Gordon Allport

Gordon Allport

Gordon Willard Allport (November 11, 1897 – October 9, 1967) was an American psychologist. Allport was one of the first psychologists to focus on the study of the personality, and is often referred to as one of the founding figures of personality psychology. He contributed to the formation of Values Scales and rejected both a psychoanalytic approach to personality, which he thought often went too deep, and a behavioral approach, which he thought often did not go deep enough. He emphasized the uniqueness of each individual, and the importance of the present context, as opposed to past history, for understanding the personality.

Allport had a profound and lasting influence on the field of psychology, even though his work is cited much less often than that of other well-known figures. Part of his influence stemmed from his knack for attacking and broadly conceptualizing important and interesting topics (e.g. rumor, prejudice, religion, traits). Part of his influence was a result of the deep and lasting impression he made on his students during his long teaching career, many of whom went on to have important psychological careers. Among his many students were Jerome S. Bruner, Anthony Greenwald, Stanley Milgram, Leo Postman, Thomas Pettigrew, and M. Brewster Smith. His brother Floyd Henry Allport, was professor of social psychology and political psychology at Syracuse University's Maxwell School of Citizenship and Public Affairs (in Syracuse, New York, USA) from 1924 until 1956, and visiting professor at University of California, Berkeley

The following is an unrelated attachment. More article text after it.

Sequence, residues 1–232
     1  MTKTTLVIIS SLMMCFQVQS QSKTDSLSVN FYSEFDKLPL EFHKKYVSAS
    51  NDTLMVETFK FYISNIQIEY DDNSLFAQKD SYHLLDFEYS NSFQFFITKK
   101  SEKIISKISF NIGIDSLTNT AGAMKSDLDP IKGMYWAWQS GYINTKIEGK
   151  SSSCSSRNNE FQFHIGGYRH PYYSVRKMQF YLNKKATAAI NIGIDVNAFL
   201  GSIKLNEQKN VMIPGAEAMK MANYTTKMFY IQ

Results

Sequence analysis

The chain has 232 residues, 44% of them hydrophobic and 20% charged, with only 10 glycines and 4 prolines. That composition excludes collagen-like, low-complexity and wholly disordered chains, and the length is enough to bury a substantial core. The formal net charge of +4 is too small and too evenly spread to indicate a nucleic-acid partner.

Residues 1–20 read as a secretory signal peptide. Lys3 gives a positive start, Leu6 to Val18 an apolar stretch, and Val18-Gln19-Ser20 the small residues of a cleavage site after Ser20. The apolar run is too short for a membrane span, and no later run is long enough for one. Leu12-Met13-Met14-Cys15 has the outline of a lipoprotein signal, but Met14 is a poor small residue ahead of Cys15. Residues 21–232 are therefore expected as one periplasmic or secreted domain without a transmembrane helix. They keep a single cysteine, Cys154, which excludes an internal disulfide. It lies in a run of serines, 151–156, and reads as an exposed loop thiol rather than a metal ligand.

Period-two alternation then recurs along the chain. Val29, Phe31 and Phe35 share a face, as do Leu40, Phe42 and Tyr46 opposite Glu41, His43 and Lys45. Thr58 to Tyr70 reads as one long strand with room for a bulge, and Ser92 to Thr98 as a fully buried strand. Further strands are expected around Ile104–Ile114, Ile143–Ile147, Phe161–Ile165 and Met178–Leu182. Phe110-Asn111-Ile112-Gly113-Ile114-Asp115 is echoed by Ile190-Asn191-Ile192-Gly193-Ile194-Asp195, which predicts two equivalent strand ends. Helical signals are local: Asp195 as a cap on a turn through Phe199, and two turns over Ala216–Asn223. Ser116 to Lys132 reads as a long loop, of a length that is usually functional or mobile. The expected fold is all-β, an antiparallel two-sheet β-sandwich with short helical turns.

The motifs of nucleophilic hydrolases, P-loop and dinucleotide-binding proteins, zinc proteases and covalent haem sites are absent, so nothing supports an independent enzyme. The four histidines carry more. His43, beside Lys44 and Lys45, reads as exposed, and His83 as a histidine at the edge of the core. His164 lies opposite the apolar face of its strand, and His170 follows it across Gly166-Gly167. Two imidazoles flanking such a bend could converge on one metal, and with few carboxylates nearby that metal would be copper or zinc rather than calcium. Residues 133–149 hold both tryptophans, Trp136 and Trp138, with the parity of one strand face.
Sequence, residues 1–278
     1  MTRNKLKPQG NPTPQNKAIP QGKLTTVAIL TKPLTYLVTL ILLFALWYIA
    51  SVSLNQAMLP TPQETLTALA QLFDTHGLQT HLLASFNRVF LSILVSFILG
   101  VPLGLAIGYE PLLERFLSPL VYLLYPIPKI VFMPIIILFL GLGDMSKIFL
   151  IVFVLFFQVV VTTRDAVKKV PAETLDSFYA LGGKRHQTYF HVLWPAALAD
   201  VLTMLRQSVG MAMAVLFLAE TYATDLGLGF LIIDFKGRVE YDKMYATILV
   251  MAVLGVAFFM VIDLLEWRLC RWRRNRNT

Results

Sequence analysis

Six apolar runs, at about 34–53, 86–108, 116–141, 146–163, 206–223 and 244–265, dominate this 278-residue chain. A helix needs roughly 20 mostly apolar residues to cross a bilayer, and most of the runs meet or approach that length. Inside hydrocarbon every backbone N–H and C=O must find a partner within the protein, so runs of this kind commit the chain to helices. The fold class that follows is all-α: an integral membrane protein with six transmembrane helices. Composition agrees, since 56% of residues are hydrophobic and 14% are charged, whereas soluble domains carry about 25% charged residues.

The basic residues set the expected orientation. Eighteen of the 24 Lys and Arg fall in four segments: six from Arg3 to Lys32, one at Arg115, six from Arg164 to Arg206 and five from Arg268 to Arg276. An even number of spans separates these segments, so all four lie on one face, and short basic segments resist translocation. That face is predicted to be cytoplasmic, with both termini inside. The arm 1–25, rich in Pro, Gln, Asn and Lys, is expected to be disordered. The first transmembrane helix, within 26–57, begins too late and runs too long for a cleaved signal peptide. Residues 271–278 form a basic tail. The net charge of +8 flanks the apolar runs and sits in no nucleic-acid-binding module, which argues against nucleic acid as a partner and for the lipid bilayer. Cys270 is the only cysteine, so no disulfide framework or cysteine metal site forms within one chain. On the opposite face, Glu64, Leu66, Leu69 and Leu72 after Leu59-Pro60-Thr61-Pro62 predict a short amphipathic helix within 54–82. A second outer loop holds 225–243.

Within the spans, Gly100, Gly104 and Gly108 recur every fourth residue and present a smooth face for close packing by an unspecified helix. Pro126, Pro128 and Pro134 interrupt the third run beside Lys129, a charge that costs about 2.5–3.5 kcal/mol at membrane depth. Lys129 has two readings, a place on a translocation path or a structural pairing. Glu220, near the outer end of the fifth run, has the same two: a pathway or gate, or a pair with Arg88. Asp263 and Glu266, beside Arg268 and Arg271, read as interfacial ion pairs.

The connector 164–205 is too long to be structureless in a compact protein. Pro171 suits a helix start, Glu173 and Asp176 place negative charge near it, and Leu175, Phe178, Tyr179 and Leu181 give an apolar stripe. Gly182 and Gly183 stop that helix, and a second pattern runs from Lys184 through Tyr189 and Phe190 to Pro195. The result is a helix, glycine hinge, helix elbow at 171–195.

Read more about Gordon Allport:  Biography, Visit With Freud, Allport's Trait Theory, Genotypes and Phenotypes, Functional Autonomy of Motives, Bibliography, Secondary Literature

Other articles related to "gordon allport, allport":

Psychology Of Religion - History - Other Early Theorists - Gordon Allport
... The Individual and His Religion (1950), Gordon Allport (1897–1967) illustrates how people may use religion in different ways ... Mature religious sentiment is how Allport characterized the person whose approach to religion is dynamic, open-minded, and able to maintain links between inconsistencies ... dimensions of religion were measured on the Religious Orientation Scale of Allport and Ross (1967) ...
Gordon Allport - Secondary Literature
... Ian Nicholson, Inventing Personality Gordon Allport and the Science of Selfhood, American Psychological Association, 2003, ISBN 1-55798-929-X Hocutt, Max (2004) ... “'A coherent datum of perception' Gordon Allport, Floyd Allport and the politics of personality.” Journal of the History of the Behavioral Sciences 36 463-470 ... Gordon Allport, character, and the ‘culture of personality’, 1897-1937 ...

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